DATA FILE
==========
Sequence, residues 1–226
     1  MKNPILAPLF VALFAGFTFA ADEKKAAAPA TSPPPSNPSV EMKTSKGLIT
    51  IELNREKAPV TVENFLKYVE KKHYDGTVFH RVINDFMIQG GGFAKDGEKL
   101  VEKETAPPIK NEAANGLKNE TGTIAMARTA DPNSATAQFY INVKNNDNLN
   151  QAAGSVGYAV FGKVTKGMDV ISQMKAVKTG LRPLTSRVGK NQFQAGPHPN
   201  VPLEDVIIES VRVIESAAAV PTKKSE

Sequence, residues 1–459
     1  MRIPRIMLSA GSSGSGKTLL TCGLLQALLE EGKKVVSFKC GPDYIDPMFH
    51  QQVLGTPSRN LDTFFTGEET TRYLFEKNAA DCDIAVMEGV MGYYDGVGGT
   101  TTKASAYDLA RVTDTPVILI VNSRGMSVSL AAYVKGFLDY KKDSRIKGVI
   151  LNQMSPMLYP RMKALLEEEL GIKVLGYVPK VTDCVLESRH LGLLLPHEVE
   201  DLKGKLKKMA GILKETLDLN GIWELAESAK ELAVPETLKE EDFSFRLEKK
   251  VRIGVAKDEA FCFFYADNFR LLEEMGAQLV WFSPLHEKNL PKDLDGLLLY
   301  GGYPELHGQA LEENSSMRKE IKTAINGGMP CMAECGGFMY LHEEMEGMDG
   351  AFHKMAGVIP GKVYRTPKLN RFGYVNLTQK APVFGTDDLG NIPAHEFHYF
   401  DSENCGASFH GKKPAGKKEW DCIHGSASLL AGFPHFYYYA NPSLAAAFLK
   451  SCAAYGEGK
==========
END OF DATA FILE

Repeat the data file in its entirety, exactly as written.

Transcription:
Sequence, residues 1–226
     1  MKNPILAPLF VALFAGFTFA ADEKKAAAPA TSPPPSNPSV EMKTSKGLIT
    51  IELNREKAPV TVENFLKYVE KKHYDGTVFH RVINDFMIQG GGFAKDGEKL
   101  VEKETAPPIK NEAANGLKNE TGTIAMARTA DPNSATAQFY INVKNNDNLN
   151  QAAGSVGYAV FGKVTKGMDV ISQMKAVKTG LRPLTSRVGK NQFQAGPHPN
   201  VPLEDVIIES VRVIESAAAV PTKKSE

Sequence, residues 1–459
     1  MRIPRIMLSA GSSGSGKTLL TCGLLQALLE EGKKVVSFKC GPDYIDPMFH
    51  QQVLGTPSRN LDTFFTGEET TRYLFEKNAA DCDIAVMEGV MGYYDGVGGT
   101  TTKASAYDLA RVTDTPVILI VNSRGMSVSL AAYVKGFLDY KKDSRIKGVI
   151  LNQMSPMLYP RMKALLEEEL GIKVLGYVPK VTDCVLESRH LGLLLPHEVE
   201  DLKGKLKKMA GILKETLDLN GIWELAESAK ELAVPETLKE EDFSFRLEKK
   251  VRIGVAKDEA FCFFYADNFR LLEEMGAQLV WFSPLHEKNL PKDLDGLLLY
   301  GGYPELHGQA LEENSSMRKE IKTAINGGMP CMAECGGFMY LHEEMEGMDG
   351  AFHKMAGVIP GKVYRTPKLN RFGYVNLTQK APVFGTDDLG NIPAHEFHYF
   401  DSENCGASFH GKKPAGKKEW DCIHGSASLL AGFPHFYYYA NPSLAAAFLK
   451  SCAAYGEGK